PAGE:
The combination of institutional racism, intergenerational poverty, and the lack of meaningfully sustained educational reform creates challenges for schools and students. Measurement experts agree that no test is good enough to serve as the sole or primary basis for tracking or holding students back. Too often the assumption is that low-scoring students need low-level remediation rather than enrichment, positive challenges, and support, according to The National Center for Fair and Open Testing. Today, as an acknowledgment of the inherent racial and economic inequity of standardized achievement tests, hundreds of colleges have already stopped requiring the SAT for college admission decisions: But the same cannot be said for K– 12th grades.

What Standardized Tests Really Measure

Various educational researchers have always maintained that standardized tests ultimately measure a student’s access to resources. Test scores reflect the advantages and resources that wealthier children have; among these advantages are private tutoring and monetary funds to access test-preparatory classes. Attaching high stakes to these exams only serves to exacerbate racial and class inequality. Boston University economics professors Olesya Baker and Kevin Lang’s 2013 study, “The School to Prison Pipeline Exposed,” reveals that a standardized bubble test does not help teachers understand how a student arrived at answer choice “C.” In A Brief History of the "Testocracy," Standardized Testing and Test-Defying, Jesse Hgopian (2015) states that tests that measure as little and as poorly as multiple-choice exams cannot provide meaningful accountability.

The Writer’s Perspective

While administering a student exchange program between the University of Salford in Manchester England and a premier university in the United States, a troubling truth about multiple choice (or bubble tests) reaffirmed this writer’s misgivings regarding standardized testing formats. The students from England were very high academic achievers and were required to maintain a certain grade point average in order to remain in the exchange program.

The students were quite dejected after taking their first multiple choice test. They were use to a test taking strategy wherein a written discourse supporting or rejecting a certain argument was required. They expressed their dissatisfaction about having to select only one answer out of four questions and not being afforded a chance to defend their answer, or debate the fallacies of the other answers. The exchange students had been taught to think abstractly, to engage their higher order thinking skills, and to discern a matter before making one linear assumption.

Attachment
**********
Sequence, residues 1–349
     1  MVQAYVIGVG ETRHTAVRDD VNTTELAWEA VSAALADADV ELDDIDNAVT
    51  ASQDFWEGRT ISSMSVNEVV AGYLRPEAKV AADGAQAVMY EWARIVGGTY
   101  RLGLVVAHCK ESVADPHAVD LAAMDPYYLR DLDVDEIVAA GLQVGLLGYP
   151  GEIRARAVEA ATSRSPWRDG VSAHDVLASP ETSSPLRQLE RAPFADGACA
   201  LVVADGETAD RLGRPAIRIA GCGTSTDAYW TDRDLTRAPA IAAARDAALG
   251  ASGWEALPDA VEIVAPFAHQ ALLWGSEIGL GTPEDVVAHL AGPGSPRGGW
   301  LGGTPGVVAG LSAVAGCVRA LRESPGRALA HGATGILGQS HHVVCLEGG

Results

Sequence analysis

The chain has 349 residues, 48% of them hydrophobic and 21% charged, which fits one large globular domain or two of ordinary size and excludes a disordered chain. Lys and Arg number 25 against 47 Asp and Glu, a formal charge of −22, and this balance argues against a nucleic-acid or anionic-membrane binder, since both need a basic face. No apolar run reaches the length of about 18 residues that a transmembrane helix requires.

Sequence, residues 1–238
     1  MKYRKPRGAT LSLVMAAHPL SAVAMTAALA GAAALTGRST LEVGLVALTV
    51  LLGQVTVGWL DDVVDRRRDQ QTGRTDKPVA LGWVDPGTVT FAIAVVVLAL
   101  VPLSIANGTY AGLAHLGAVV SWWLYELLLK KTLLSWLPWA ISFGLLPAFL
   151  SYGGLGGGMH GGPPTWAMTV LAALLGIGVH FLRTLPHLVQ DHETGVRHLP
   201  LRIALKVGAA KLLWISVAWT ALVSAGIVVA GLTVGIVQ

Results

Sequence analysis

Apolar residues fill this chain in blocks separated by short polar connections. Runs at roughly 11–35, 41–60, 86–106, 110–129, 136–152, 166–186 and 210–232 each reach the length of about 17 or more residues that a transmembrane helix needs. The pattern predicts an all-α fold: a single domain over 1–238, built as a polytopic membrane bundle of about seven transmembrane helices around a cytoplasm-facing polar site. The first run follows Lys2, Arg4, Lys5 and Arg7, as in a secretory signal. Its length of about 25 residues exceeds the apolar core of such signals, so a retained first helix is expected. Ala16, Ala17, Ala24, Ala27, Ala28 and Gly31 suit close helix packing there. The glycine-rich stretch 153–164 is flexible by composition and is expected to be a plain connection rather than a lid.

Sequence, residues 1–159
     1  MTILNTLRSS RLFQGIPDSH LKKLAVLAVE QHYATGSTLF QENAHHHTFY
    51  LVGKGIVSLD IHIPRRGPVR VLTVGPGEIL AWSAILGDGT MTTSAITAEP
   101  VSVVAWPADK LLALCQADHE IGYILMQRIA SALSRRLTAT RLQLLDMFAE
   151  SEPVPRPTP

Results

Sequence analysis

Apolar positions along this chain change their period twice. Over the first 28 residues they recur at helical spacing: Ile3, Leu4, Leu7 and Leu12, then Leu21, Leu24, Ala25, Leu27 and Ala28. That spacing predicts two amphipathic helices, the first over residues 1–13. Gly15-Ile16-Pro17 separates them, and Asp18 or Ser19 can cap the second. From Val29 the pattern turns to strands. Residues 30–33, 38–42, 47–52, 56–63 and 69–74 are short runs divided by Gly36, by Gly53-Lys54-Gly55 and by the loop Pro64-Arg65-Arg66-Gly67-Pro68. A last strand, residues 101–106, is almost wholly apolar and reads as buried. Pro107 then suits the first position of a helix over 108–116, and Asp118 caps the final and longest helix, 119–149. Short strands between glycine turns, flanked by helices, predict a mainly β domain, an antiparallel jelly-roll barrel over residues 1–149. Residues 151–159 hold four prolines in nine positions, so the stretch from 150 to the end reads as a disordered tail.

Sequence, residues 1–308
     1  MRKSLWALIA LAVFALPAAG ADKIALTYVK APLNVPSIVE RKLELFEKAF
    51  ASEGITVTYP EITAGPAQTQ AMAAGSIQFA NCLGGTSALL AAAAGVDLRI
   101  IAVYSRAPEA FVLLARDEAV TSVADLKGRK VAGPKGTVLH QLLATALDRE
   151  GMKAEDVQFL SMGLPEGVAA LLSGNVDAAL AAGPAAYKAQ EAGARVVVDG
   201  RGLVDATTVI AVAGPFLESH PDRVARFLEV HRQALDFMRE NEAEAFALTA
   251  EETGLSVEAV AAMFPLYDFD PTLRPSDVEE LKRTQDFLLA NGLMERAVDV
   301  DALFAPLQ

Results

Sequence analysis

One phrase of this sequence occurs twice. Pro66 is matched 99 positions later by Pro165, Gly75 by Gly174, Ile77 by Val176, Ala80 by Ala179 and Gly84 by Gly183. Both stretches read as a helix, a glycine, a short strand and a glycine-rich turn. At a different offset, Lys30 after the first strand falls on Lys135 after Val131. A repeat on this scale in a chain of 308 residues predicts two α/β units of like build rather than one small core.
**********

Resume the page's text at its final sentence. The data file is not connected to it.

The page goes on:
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Too often test preparation replaces more in-depth and comprehensive instruction, causing students to receive an inferior education. A few decades ago I was hired as a high school English teacher in the City of Detroit. After being shown a store room full of neatly stacked classroom texts, the instructions from the administration were to issue the books accordingly but not to assign homework from them, but rather teach specific test content for the upcoming city-wide standardized testing. The day after Labor Day will mark the fall 2022 semester for many districts and the practice of teaching to the test will once again take center stage.

In the journal of Rethinking Schools, the late educator for educational justice, Harold Berlak, maintained that “…standardized curriculum and tests insist upon one set of answers, and only one. Linking standards and curriculum to high-stakes testing is a powerful and pervasive way to ensure the continued hegemony of the dominant culture. The standards and tests by design [create] a particular and singular view of the "basics" of history, geography, literature, art, and ways of looking at and thinking about truth. They are an effort to put an end to the most valuable asset of a multicultural society”.


Fergus, E., Noguera, P., & Martin, M. (2014). Schooling for resilience: Improving
The life trajectory of Black and Latino boys. Cambridge, MA: Harvard Education

Goodman, K. F. (2012). Privilege and Disprivilege in Discourse in and Around Literacy Assessment in Second Grade. (Doctoral dissertation). Retrieved from

Ladson-Billings, G., & Tate, W.F. (1995). Toward a critical race theory in education. Teachers College Record, 97(1), pp. 47 – 68.

Stewart, D. L. (2008). Being all of me: Black Students negotiating multiple identities. Journal of Higher Education.

Swanson, D. P., Cunningham, M., & Spencer, M. B. (2003). Black males’ structural
Conditions, achievement patterns, normative needs, and “opportunities.” Urban
Education, 38, 608-633.

Young, Alford A, Jr. (2004). The Minds of Marginalized Black Men: Making Sense of Mobility, Opportunity, and Future Life Chances. Princeton, New Jersey: Princeton University Press.

First day of school

First day of school

This content reflects the personal opinions of the author. It is accurate and true to the best of the author’s knowledge and should not be substituted for impartial fact or advice in legal, political, or personal matters.

© 2016 Linda Joy Johnson